Winter has come. The season finale of HBO's Game of Thrones featured a number of highly anticipated plot twists — addressing a longstanding question that not only confirmed a popular fan theory, but also giving new meaning to the book series title, A Song of Ice and Fire.
(Editor's note: spoilers ahead for Game of Thrones.)
Bran's vision in the finale revealed that Jon Snow was never Ned Stark's bastard, as Ned has always claimed, but is actually the lovechild of Ned's sister Lyanna and Rhaegar Targaryen. This makes him both a Targaryen and a Stark, the respective families associated with "fire" and "ice," thus giving him a strong claim to the Iron Throne.
Now hailed as King of the North, Jon Snow is quite the eligible bachelor for any politically minded Westeros woman. But there's one woman that fans are eager to see Snow with next season: the Mother of Dragons herself, Daenarys Targaryen, who, weirdly, also happens to be Snow's aunt.
Fans have long been shipping Jon and Dany, even though the pairing is considered controversial by some: Many fans believe such a relationship would be too cliche and reduce the story to a classic fairytale archetype. Also, that the notion that she is represented by fire and he by ice is overly simplistic, implying instead that the series title refers to the secret of the blood in Jon's veins. Yet other fans hold firm to the theory that the dragon whisperer will end up with the resurrected warrior, arguing that such a pairing would subvert, rather than fulfill, genre expectations.
Throughout previous seasons, the show has hinted at the Jon/Dany dichotomy, often using contrasting color schemes to represent the characters: Jon's scenes are gloomily lit and framed by snow and shadows, while Dany is often shot bathed in warm, fiery colors. While the two characters have yet to meet, both are seen as harbingers of justice in their respective communities.
The two characters also share values that could be described as feminist. While the Mother of Dragons is one of the show's most obviously empowered female characters Jon has his own track record of fighting for female equality. It was Jon who gave Arya her sword "Needle" and encouraged her fighting spirit. He's in touch with his emotions (hence the "sad Jon Snow" meme) and is also one of the few male Game of Thrones characters to prioritize his female partner's sexual pleasure over his own, as evidenced by his sex scenes with Ygritte.
Jon isn't a perfect supporter of women by a long shot. For example, he still has a lot to learn about trusting Sansa's military advice, which he overlooked when they conquered Winterfell together before the season finale. But he's one of the more sympathetic male characters in the Game of Thrones universe, plus we already know he has a taste for strong warrior women (pun intended).
But there is just one little snag to the Jon/Daenarys pairing. As we now know, Jon has Targaryen blood, which would make any relationship between the two incestuous. Yet incest taboos haven't stopped other members of Westeros royalty. Both the Targaryen and Lannister family trees are riddled with in-family couplings, a topic the series confronts head-on as one of the less romantic stays of royal politics. And the show's fans appear to have no problem with such taboos when it comes to a potential Jon/Daenarys relationship.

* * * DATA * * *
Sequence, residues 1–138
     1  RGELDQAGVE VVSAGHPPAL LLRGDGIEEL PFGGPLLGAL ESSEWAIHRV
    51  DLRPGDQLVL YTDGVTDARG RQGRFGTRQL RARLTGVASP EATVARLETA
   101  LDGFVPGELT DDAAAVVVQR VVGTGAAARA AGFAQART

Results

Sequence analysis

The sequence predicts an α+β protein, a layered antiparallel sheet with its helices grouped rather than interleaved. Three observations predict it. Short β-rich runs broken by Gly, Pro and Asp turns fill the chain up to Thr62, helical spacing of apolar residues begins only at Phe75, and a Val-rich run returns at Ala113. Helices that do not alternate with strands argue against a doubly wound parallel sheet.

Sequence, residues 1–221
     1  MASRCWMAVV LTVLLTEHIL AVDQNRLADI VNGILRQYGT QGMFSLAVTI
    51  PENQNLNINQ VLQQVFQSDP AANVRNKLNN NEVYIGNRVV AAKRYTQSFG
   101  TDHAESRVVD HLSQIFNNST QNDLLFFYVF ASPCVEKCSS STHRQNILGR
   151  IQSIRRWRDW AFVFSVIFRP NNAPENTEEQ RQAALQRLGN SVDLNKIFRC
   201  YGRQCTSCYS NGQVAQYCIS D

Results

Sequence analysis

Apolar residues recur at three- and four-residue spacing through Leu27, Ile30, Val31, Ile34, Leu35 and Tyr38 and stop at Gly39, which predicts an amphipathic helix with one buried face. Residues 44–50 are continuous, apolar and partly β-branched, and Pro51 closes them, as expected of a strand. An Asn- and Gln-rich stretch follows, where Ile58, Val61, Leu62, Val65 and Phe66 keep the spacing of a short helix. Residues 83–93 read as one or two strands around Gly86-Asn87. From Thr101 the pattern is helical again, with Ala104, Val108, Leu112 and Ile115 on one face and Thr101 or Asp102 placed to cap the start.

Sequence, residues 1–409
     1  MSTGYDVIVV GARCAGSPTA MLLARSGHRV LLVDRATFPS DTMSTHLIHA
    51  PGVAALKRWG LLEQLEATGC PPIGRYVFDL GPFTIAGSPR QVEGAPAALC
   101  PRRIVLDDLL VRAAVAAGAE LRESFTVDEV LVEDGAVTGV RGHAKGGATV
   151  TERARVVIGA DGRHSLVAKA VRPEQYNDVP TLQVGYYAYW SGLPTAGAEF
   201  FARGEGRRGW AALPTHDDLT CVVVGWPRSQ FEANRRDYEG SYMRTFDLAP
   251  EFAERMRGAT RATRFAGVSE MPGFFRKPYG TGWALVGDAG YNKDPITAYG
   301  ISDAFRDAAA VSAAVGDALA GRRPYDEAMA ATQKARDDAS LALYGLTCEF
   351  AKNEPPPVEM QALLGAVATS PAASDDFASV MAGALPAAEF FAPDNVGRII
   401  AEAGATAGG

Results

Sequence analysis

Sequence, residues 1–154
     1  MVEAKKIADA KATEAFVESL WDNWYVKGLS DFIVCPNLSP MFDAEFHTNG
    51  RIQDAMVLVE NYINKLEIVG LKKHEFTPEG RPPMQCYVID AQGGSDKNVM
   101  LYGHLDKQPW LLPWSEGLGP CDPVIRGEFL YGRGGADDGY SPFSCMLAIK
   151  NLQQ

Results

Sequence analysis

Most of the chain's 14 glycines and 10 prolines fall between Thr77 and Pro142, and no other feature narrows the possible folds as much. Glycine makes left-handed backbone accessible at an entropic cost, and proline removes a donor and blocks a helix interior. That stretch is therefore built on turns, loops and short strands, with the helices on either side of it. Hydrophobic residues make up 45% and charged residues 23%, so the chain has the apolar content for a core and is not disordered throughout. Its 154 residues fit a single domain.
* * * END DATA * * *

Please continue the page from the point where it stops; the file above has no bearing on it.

Yet perhaps the strongest argument for a Jon/Dany partnership is that it would be one of the few examples of a mutually supportive relationship on Game of Thrones.
In past seasons, Dany has only been involved with men who have either had much more power (Khal Drogo), or much less power (Daario). Meanwhile, Jon was solely involved with Ygritte, who, while strong and independent, was a Wildling who existed on the margins of society, thus inherently skewing the power balance toward him. However, a Dany/Jon pairing would provide one of the show's few examples of a fundamentally politically equitable relationship, not to mention that it would continue the series' new, and very welcome theme, of giving women more autonomy.
In the season six finale, Dany breaks up with her lover by bluntly saying she will seek an alliance through marriage to secure her throne once she's conquered Westeros. We've already seen the Mother of Dragons suffer through two previous political marriages, one that ended in curses and death and the other that ended in betrayal. Both men were slain as a direct or indirect result of their penchant for violence and domination.
In order for the third marriage to stick, Dany will need a partner focused on supporting her rather than one who seeks her hand as a form of political leverage. As someone who is selfless, honor-bound and loves to fight alongside strong women, Jon fits that description. Whether platonic or romantic, their meeting would encapsulate the feminist themes this last season highlighted: long live the queens of Westeros.